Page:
for Auto Communities and Workers to cut through red tape and ensure
that the full resources of our federal government are leveraged to
assist the workers, communities, and regions that rely on our auto
industry. Edward Montgomery, a former Deputy Labor Secretary, has
agreed to serve in this role. Together with Labor Secretary Solis and
my Auto Task Force, Ed will help provide support to auto workers and
their families, and open up opportunity in manufacturing communities.
Michigan, Ohio, Indiana, and every other state that relies on the auto
industry will have a strong advocate in Ed. He will direct a
comprehensive effort that will help lift up the hardest hit areas by
using the unprecedented levels of funding available in our Recovery Act
and throughout our government to create new manufacturing jobs and new
businesses where they are needed most — in your communities. And he
will also lead an effort to identify new initiatives we may need to
help support your communities going forward.

This is really entertaining. To help you cut through the bureaucracy, we're going to create a new level of bureaucracy. And it's really special. It's a bureaucracy explicitly designed to help out one group of Americans.

These efforts, as essential as they are, will not make everything
better overnight. There are jobs that cannot be saved. There are plants
that will not reopen. And there is little I can say that can subdue the
anger or ease the frustration of all whose livelihoods hang in the
balance because of failures that weren't theirs.

But there is something I want everyone to remember. Remember that it is
precisely in times like these — in moments of trial, and moments of
hardship — that Americans rediscover the ingenuity and resilience that
makes us who we are. That made the auto industry what it once was. That
sent those first mass-produced cars rolling off assembly lines. That
built an arsenal of democracy that propelled America to victory in the
Second World War. And that powered our economic prowess in the first
American century.

Cue the french horns. Now the trumpets.

Because I know that if we can tap into that same ingenuity and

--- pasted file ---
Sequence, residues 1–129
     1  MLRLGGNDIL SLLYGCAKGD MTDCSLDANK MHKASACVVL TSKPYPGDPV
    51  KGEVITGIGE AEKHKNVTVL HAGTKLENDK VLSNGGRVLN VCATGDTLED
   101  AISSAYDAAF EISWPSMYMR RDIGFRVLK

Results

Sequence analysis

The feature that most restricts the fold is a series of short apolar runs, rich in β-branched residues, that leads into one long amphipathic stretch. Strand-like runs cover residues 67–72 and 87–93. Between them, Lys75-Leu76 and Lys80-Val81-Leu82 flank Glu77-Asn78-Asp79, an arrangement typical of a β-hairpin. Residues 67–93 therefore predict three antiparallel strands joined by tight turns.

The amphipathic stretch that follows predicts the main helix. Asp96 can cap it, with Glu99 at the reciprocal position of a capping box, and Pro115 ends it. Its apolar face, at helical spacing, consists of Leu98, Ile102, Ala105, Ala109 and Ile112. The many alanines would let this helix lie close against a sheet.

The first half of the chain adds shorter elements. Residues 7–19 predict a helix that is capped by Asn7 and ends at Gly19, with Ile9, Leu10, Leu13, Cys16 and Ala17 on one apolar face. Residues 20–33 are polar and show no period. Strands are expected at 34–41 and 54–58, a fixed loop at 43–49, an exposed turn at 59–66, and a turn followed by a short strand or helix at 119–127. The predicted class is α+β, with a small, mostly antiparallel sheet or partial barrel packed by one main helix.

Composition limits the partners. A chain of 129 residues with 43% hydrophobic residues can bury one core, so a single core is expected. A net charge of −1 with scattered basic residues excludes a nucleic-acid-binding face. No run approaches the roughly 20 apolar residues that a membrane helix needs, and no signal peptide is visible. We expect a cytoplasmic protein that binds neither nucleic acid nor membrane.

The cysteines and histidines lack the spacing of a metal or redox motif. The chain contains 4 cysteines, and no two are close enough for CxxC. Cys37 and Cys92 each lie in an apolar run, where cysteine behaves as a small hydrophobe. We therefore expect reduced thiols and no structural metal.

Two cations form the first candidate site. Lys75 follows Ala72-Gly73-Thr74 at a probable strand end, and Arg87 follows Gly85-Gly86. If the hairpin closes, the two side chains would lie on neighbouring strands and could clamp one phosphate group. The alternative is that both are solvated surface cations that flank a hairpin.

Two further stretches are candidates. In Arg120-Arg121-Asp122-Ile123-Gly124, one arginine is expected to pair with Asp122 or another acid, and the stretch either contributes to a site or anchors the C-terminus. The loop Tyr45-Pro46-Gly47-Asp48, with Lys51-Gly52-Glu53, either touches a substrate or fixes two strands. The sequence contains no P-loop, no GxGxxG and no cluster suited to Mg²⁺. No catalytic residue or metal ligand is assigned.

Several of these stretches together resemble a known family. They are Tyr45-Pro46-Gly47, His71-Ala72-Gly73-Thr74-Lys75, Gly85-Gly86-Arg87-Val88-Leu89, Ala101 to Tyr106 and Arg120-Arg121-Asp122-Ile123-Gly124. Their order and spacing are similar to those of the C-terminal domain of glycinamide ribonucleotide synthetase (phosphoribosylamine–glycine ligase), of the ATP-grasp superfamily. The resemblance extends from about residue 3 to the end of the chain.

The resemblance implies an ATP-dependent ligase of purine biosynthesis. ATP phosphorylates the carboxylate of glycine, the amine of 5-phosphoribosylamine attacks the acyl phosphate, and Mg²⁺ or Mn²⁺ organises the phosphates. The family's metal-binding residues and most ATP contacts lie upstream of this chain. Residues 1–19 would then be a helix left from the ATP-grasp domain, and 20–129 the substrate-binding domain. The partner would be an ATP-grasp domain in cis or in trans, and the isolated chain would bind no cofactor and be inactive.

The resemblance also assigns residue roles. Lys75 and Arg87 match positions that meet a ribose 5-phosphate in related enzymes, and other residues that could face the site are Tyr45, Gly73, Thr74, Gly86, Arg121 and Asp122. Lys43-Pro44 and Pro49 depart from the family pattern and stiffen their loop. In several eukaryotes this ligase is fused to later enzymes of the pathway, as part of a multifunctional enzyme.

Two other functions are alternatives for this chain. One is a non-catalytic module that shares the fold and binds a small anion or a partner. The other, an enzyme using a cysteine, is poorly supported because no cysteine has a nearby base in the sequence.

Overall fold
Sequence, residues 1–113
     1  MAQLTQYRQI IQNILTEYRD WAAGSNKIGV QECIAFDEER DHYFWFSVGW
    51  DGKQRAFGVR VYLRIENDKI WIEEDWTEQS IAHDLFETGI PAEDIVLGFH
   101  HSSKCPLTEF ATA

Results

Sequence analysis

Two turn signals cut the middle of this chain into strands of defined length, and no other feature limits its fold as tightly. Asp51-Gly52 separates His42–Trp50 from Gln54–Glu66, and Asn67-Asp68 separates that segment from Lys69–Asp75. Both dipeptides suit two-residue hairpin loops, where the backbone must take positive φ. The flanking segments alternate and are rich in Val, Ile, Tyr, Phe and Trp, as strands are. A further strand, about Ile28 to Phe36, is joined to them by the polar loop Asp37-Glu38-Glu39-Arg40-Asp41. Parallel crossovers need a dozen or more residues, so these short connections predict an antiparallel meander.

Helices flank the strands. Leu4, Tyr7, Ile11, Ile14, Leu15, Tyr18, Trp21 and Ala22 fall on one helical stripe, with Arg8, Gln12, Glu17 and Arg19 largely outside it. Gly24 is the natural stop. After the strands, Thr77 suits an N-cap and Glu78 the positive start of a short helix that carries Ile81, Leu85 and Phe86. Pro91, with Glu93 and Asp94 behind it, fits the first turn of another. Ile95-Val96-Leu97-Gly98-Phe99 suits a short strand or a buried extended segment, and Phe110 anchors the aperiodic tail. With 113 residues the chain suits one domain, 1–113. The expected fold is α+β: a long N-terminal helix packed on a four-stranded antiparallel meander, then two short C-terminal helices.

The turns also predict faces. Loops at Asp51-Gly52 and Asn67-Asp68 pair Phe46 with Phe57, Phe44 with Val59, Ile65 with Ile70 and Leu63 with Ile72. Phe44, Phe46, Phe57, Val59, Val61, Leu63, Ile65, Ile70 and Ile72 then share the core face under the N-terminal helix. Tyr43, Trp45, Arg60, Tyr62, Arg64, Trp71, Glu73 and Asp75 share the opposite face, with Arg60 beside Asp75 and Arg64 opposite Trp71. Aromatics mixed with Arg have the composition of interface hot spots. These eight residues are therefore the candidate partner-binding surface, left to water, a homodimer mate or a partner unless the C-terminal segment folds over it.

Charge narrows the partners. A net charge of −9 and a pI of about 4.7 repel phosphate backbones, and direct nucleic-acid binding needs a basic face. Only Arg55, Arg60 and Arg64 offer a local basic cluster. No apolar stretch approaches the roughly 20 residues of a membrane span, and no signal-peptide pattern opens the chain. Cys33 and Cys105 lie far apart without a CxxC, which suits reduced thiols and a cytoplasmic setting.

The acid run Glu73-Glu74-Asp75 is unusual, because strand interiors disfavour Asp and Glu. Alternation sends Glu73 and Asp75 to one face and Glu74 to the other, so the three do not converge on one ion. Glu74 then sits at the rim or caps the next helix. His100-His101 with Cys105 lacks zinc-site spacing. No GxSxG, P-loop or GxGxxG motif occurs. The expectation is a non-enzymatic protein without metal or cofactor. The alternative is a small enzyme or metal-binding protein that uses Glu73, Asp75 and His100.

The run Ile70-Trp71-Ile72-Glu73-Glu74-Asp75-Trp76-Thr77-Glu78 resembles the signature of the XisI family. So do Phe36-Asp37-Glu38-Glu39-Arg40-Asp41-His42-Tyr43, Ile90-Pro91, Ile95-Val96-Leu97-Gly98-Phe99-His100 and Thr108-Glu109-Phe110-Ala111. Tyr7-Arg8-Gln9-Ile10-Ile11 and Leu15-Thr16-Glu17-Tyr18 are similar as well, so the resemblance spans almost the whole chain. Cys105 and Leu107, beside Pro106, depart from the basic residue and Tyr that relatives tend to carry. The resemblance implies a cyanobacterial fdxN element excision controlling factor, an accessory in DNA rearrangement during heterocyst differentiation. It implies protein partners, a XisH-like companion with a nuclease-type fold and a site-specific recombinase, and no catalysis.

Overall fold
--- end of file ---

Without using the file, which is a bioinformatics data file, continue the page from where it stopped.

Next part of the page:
resilience right now; if we can carry one another through this
difficult time and do what must be done; then we will look back and say
that this was the moment when America's auto industry shed its old
ways, marched into the future, and remade itself, once more, into an
engine of opportunity and prosperity, not only in Detroit, and not only
in our Midwest, but all across America.

Now bring up the strings and the big red white and blue flag in the background. I'm getting goose bumps. Not.

Once again, let us give Adam Smith the last word:

man of system, on the contrary, is apt to be very wise in his own
conceit; and is often so enamoured with the supposed beauty of his own
ideal plan of government, that he cannot suffer the smallest deviation
from any part of it. He goes on to establish it completely and in all
its parts, without any regard either to the great interests, or to the
strong prejudices which may oppose it. He seems to imagine that he can
arrange the different members of a great society with as much ease as
the hand arranges the different pieces upon a chess-board. He does not
consider that the pieces upon the chess-board have no other principle
of motion besides that which the hand impresses upon them; but that, in
the great chess-board of human society, every single piece has a
principle of motion of its own, altogether different from that which
the legislature might chuse to impress upon it. If those two principles
coincide and act in the same direction, the game of human society will
go on easily and harmoniously, and is very likely to be happy and
successful. If they are opposite or different, the game will go on
miserably, and the society must be at all times in the highest degree
of disorder."